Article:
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Egypt frees dissident Nour for health reasons.

Summary: Egyptian authorities freed opposition politician Ayman Nour on Wednesday after more than three years in prison on forgery charges he said were politically motivated.

Cheers and trilling of joy

Egyptian authorities freed opposition politician Ayman Nour on Wednesday after more than three years in prison on forgery charges he said were politically motivated.

Cheers and trilling of joy filled the air of the Gad office in Talat Harb square in Cairo as friends and members of Gad party watched Ayman Nour's release on the news.

"We are more than joyous, we are thrilled out of belief that Mr. Nour has been released and is coming back to us," Warda Ali assistant to Ayman Nour and Jameela Ismail told AlArabiya.net

Nour told Reuters by telephone from his home that he planned to continue his work in politics through the opposition Ghad party.

"Thanks to God I am released," he said. "I am going to practice my role as a politician through the Ghad party and through my previous role," he added.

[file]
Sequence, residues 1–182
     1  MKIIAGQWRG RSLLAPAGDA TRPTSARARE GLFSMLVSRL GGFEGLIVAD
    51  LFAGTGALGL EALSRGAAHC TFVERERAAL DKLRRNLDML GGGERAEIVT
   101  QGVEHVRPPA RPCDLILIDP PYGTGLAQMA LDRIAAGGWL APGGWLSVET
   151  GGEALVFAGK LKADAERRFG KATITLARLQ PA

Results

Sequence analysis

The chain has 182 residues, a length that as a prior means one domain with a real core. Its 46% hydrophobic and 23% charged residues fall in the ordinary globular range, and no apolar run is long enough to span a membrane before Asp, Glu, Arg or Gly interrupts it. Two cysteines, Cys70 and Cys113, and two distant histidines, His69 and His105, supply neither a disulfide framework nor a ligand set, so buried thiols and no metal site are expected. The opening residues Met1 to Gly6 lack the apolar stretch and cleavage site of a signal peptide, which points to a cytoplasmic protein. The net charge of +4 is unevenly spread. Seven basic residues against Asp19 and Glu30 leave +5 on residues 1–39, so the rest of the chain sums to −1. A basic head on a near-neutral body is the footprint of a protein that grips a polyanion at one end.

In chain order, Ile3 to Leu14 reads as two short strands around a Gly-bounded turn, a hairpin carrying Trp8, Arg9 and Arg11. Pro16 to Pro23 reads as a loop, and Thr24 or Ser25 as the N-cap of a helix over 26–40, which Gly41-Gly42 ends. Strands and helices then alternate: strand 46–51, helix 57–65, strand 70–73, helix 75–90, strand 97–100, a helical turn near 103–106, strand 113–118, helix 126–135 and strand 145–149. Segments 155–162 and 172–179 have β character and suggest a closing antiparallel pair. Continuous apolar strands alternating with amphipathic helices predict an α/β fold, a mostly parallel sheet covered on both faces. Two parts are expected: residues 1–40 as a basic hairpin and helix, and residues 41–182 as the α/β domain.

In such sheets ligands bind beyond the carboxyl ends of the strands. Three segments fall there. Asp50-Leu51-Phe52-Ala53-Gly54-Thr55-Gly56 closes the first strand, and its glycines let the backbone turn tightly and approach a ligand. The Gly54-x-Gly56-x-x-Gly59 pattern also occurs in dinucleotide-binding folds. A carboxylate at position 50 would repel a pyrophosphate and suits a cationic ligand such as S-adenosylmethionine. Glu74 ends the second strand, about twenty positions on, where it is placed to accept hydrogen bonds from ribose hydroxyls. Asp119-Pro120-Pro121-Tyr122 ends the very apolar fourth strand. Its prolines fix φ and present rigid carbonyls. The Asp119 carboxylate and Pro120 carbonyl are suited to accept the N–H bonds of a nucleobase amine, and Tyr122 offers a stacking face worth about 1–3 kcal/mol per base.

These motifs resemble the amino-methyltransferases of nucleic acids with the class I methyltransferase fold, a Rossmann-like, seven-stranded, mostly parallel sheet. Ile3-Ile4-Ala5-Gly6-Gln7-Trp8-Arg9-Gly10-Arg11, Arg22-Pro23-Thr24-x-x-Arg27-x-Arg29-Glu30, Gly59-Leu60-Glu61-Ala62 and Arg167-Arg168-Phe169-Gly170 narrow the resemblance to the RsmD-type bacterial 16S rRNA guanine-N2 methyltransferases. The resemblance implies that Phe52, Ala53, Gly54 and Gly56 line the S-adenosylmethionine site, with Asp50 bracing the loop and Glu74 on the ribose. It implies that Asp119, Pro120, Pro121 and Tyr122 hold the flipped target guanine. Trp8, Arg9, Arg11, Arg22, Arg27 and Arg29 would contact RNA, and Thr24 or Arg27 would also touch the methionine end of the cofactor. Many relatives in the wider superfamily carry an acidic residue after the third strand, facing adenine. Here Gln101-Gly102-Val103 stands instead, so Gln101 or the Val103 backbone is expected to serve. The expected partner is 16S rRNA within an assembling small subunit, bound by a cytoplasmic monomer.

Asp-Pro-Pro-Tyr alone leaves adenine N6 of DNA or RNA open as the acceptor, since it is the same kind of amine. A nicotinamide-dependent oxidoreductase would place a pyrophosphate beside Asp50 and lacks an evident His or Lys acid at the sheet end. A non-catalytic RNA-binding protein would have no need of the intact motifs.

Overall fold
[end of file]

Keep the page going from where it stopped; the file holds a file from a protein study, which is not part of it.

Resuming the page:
Gameela Ismail, Nour's wife and spokeswoman of the Gad party told AlArabiya.net Nour intends to resume his post as leader of the party, insinuating that he has plans for another presidential campaign.

"He will carry on with what he was doing prior to his imprisonment," Ismail said. While prosecution sources said Nour was released on health grounds, the newly freed Gad leader insisted the reasons for his release were political.

"The public prosecutor decided to free Ayman Nour for health reasons," the official said, requesting anonymity.

Nur mounted an unprecedented challenge against veteran leader President Hosni Mubarak during the 2005 presidential election before being jailed on forgery charges many saw as trumped up.

Nour was jailed shortly after coming a distant second to incumbent President Hosni Mubarak in Egypt's first multi-candidate presidential elections.

He said then the Egyptian government was punishing him for daring to challenge Mubarak, who has ruled the most populous Arab country since 1981.

The U.S. administration of former President George W. Bush has called repeatedly on Egypt to release Nour. Cairo says its judiciary is independent and not politically motivated.

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Publication:Al Arabiya (Saudi Arabia)
Date:Feb 17, 2009
Words:366
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